As you can see from the words I've highlighted, the language of failure is invoked in talking about certain women's inability to fall pregnant. This is almost always tied to insufficient biology; as a woman ages her reproductive capacities are seen to degenerate. She is no longer valued as a 'producer' as the quote above suggests. This is in spite of the fact that 40% of causes of infertility are due to issues with the woman and 40% of causes are due to issues with a male. Yet, in an article of this nature, men's problematic reproductive capacities are never discussed. The quality of a woman's eggs are always the most important site for criticism.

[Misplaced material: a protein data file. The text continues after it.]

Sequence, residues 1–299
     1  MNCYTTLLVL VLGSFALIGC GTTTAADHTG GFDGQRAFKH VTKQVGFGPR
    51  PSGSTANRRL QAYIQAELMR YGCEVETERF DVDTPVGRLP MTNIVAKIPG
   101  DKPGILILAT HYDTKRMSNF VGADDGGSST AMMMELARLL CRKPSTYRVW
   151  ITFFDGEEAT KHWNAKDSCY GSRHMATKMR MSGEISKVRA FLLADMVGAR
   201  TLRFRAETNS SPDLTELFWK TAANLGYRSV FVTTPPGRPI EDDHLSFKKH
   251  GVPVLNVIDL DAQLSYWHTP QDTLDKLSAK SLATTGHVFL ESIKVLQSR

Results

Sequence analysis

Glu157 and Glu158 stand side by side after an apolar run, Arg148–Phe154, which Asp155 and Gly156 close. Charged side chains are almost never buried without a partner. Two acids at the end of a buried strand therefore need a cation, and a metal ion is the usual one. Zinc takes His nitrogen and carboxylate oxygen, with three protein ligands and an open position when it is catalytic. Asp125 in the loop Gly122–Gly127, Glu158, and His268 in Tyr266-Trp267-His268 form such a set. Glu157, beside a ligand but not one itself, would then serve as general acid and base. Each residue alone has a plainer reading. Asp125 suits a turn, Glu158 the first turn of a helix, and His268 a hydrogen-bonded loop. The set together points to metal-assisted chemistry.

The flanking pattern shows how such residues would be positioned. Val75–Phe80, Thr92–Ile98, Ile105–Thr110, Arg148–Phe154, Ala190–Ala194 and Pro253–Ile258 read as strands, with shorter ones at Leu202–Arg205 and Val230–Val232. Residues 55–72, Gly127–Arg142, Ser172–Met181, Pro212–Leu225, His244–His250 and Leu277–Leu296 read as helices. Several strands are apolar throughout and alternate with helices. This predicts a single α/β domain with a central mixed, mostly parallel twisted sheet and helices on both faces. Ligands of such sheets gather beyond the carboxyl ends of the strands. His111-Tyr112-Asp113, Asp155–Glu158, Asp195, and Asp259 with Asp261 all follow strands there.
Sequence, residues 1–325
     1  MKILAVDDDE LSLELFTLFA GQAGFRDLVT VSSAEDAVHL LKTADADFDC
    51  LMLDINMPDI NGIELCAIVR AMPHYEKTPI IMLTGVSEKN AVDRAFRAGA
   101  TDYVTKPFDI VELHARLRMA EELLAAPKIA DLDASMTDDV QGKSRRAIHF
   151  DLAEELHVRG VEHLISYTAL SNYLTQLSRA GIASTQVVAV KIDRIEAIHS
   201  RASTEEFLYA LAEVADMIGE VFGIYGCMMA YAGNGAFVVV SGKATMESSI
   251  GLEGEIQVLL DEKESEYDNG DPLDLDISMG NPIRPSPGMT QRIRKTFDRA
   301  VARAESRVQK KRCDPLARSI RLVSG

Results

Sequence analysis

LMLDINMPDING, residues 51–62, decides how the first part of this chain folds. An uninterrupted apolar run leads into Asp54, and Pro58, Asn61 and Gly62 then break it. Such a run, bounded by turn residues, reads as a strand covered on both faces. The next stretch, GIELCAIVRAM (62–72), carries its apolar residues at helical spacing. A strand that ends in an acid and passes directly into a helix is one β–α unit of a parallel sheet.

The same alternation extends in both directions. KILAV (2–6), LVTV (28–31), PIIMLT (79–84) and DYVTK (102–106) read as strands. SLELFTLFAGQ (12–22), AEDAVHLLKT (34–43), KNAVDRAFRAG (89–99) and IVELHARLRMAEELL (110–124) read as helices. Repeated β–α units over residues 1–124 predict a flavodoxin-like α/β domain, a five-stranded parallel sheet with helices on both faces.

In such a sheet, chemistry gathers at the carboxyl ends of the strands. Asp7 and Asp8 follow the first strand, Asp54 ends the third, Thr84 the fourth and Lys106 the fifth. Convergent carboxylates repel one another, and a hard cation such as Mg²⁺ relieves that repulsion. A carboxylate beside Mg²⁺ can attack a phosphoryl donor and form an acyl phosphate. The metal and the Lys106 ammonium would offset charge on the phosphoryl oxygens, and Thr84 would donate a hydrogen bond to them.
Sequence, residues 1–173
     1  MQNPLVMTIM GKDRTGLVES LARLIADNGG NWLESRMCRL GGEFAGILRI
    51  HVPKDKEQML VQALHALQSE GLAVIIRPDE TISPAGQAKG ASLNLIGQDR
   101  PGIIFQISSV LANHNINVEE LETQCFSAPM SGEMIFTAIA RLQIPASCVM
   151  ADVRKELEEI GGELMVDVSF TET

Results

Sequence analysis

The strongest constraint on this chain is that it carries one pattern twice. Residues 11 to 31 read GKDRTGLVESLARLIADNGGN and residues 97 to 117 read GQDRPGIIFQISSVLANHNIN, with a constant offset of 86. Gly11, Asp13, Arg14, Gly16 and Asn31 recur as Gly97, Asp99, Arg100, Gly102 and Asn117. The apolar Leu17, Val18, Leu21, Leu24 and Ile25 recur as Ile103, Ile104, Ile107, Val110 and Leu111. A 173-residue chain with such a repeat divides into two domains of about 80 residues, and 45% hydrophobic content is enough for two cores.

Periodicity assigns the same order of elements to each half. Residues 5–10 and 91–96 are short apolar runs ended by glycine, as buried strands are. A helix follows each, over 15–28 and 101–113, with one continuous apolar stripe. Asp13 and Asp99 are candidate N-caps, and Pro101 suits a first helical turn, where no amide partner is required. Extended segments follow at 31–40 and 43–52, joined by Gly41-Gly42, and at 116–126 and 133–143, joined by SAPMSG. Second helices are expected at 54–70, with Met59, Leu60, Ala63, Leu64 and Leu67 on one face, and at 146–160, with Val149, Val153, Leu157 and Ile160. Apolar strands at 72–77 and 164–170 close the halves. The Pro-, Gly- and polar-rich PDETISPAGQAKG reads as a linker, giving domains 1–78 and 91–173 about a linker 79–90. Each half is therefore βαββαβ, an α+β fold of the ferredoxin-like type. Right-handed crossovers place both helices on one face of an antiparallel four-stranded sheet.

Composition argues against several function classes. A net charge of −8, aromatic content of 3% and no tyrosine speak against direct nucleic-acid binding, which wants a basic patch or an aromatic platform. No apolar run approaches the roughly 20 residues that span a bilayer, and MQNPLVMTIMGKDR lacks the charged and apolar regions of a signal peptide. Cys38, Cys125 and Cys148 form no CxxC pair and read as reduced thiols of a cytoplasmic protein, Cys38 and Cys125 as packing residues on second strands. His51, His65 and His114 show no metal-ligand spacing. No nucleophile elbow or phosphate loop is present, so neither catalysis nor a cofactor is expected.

Helena Bonham Carter,currently 8 months pregnant with her second child, utilised Clomid to jump start her fertility after trying for many months without a pregnancy at the age of 41. She says:

"I had a terrible reaction to it," she says. "Many people think it is the only thing that's going to make them ovulate but as it turned out I was ovulating anyway. It stressed me out beyond belief. Hormonally, I was all over the shop and I got really low emotionally. Lots of people don't have that reaction but on the internet I found a Clomid club, with people who react to the stuff discussing it online."